This plot shows the degree of duplication for every read in the library. We show how to get this plot in the code snippet below and the resulting plot is in Figure 7.5. A high level of duplication, non-unique reads, is likely to indicate an enrichment bias. Technical duplicates arising from PCR artifacts could cause this. PCR is a common step in library preparation which creates many copies of the sequence fragment. In RNA-seq data, the non-unique read proportion can reach more than 20%. However, these duplications may stem from genes simply being expressed at high levels. This means that there will be many copies of transcripts and many copies of the same fragment. Since we cannot be sure these duplicated reads are due to PCR bias or an effect of high transcription, we should not remove duplicated reads in RNA-seq analysis. However, in ChIP-seq experiments duplicated reads are more likely to be due to PCR bias.
7.2.4 Other quality metrics and QC tools
Over-represented k-mers along the reads can be an additional check. If there are such sequences it may point to adapter contamination and should be trimmed. Adapters are known sequences that are added to the ends of the reads. This kind of contamination could also be visible at “sequence content per base” plots. In addition, if you know the adapter sequences, you can match it to the end of the reads and trim them. The most popular tool for sequencing quality control is the fastQC tool (Andrews 2010), which is written in Java. It produces the plots that we described above in addition to k-mer overrepresentation and adapter overrepresentation plots. The R package fastqcr can run this Java tool and produce R-based plots and reports. This package simply calls the Java tool and parses its results. Below, we show how to do that.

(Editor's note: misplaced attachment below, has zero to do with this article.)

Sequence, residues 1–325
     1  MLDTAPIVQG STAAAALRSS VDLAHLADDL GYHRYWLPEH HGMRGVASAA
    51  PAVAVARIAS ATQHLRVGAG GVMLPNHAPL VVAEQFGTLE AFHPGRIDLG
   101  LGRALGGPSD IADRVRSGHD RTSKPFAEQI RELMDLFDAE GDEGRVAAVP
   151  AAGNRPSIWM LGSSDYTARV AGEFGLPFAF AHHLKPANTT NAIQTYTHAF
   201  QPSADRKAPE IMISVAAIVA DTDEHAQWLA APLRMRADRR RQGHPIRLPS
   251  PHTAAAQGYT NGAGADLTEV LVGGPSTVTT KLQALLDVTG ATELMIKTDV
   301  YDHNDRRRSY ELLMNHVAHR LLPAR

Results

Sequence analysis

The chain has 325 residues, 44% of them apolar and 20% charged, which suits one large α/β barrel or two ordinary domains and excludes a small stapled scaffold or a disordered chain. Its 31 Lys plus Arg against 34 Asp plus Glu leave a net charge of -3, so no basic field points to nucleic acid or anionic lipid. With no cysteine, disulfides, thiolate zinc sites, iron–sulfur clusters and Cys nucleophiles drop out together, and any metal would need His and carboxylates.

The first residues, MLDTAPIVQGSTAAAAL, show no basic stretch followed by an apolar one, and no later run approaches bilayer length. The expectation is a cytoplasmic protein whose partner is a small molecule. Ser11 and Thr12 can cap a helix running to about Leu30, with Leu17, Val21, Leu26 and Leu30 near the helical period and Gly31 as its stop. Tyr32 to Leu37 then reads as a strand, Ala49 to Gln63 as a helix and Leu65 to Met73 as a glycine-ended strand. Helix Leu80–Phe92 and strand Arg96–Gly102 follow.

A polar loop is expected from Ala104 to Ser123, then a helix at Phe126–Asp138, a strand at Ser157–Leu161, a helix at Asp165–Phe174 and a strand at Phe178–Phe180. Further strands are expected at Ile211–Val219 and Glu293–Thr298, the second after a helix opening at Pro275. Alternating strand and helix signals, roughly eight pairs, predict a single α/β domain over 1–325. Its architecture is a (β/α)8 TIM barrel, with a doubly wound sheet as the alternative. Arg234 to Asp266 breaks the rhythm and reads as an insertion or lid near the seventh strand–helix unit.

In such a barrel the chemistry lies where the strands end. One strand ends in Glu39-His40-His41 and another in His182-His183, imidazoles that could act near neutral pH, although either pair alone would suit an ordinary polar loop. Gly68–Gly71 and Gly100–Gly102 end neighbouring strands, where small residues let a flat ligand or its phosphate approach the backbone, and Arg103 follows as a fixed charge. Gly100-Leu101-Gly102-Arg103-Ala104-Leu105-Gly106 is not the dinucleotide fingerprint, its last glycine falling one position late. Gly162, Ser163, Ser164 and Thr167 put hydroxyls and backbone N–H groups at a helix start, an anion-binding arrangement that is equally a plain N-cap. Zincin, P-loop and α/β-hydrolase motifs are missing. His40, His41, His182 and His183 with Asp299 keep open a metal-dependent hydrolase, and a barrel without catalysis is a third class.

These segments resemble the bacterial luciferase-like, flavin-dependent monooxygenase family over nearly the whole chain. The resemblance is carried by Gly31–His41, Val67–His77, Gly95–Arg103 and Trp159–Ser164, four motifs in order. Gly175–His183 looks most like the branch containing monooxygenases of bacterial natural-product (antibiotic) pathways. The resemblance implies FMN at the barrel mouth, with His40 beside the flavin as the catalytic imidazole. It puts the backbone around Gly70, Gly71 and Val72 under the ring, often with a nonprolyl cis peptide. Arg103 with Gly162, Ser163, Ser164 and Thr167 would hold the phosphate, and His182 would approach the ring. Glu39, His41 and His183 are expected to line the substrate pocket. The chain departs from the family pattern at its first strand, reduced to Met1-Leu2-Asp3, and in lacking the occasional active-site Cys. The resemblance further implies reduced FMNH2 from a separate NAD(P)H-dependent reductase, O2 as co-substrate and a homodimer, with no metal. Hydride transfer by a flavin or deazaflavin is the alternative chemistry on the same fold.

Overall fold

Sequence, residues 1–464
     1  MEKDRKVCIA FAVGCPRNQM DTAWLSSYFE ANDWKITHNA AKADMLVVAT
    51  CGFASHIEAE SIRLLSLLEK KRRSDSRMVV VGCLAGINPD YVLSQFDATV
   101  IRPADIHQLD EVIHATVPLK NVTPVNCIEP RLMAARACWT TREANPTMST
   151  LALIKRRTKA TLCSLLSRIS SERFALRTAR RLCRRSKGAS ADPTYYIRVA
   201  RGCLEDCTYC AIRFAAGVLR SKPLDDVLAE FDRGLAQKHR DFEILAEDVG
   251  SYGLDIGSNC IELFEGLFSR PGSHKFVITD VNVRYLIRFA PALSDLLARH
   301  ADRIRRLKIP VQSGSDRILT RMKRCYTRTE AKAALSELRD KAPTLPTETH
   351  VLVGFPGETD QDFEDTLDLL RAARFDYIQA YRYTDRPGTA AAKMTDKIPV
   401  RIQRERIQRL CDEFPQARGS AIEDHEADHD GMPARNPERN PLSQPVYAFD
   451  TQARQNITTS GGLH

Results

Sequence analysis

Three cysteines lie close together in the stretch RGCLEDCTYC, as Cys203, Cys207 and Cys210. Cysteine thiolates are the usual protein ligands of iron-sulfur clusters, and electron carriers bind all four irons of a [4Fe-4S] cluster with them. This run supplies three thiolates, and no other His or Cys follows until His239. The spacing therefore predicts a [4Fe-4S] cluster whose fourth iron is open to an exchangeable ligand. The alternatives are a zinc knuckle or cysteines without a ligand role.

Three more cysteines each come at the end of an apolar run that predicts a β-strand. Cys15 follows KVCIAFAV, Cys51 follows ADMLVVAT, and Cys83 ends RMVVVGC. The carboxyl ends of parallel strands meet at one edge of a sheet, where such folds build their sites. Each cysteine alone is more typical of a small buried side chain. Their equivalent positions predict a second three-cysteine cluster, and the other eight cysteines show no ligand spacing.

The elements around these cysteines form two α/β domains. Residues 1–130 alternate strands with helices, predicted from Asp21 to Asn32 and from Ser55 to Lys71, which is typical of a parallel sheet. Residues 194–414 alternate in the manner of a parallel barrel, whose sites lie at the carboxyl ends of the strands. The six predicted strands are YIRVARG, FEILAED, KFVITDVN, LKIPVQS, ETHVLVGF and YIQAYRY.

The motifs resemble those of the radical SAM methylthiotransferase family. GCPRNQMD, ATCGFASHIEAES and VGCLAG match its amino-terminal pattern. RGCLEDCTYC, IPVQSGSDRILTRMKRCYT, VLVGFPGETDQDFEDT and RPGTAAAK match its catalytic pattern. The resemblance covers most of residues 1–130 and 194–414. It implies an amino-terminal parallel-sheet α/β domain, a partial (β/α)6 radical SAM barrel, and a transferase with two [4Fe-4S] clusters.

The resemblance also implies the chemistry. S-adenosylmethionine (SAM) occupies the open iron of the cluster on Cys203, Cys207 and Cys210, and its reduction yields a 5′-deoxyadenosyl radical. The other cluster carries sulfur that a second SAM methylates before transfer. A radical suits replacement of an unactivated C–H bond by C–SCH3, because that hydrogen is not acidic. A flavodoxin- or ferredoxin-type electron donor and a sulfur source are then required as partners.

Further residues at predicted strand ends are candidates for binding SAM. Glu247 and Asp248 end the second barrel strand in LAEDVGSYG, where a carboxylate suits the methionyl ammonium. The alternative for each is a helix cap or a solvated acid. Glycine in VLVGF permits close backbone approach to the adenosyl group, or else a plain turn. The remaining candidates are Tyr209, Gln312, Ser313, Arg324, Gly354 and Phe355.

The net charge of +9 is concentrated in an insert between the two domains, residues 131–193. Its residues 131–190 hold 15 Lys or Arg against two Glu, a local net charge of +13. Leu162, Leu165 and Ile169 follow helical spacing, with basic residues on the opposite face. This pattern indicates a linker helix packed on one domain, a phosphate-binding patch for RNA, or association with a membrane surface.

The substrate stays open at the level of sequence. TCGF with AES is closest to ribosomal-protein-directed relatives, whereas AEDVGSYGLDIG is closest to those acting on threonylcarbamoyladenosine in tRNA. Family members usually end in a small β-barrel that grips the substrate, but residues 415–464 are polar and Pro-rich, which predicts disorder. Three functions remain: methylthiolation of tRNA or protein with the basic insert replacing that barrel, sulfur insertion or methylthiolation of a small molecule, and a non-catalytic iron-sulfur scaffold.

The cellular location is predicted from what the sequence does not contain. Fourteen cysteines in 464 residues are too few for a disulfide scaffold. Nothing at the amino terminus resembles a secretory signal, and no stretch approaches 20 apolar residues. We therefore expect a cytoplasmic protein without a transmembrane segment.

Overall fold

Now that we have run FastQC on our fastq files, we can read the results to R and construct plots or reports. The
gc_report() function can create an Rmarkdown-based report from FastQC output.
Alternatively, we can read the results with
qc_read() and make specific plots we are interested in with
Apart from this, the bioconductor packages Rqc (de Souza, Carvalho, and Lopes-Cendes 2018) (see
Rqc::rqcReport function), QuasR (Gaidatzis, Lerch, Hahne, et al. 2015) (see
QuasR::qQCReport function), systemPipeR (Backman and Girke 2016) (see
systemPipeR::seeFastq function), and ShortRead (Morgan, Anders, Lawrence, et al. 2009) (see
ShortRead::report function) can all generate quality reports in a similar fashion to FastQC with some differences in plot content and number.
Backman, and Girke. 2016. “systemPipeR: NGS Workflow and Report Generation Environment.” BMC Bioinformatics 17 (1). https://doi.org/10.1186/s12859-016-1241-0.
de Souza, Carvalho, and Lopes-Cendes. 2018. “Rqc: A Bioconductor Package for Quality Control of High-Throughput Sequencing Data.” Journal of Statistical Software, Code Snippets 87 (2): 1–14. https://doi.org/10.18637/jss.v087.c02.
Gaidatzis, Lerch, Hahne, and Stadler. 2015. “QuasR: Quantification and Annotation of Short Reads in R.” Bioinformatics 31 (7): 1130–2. https://doi.org/10.1093/bioinformatics/btu781.
Morgan, Anders, Lawrence, Aboyoun, Pagès, and Gentleman. 2009. “ShortRead: A Bioconductor Package for Input, Quality Assessment and Exploration of High-Throughput Sequence Data.” Bioinformatics 25 (19): 2607–8. https://doi.org/10.1093/bioinformatics/btp450.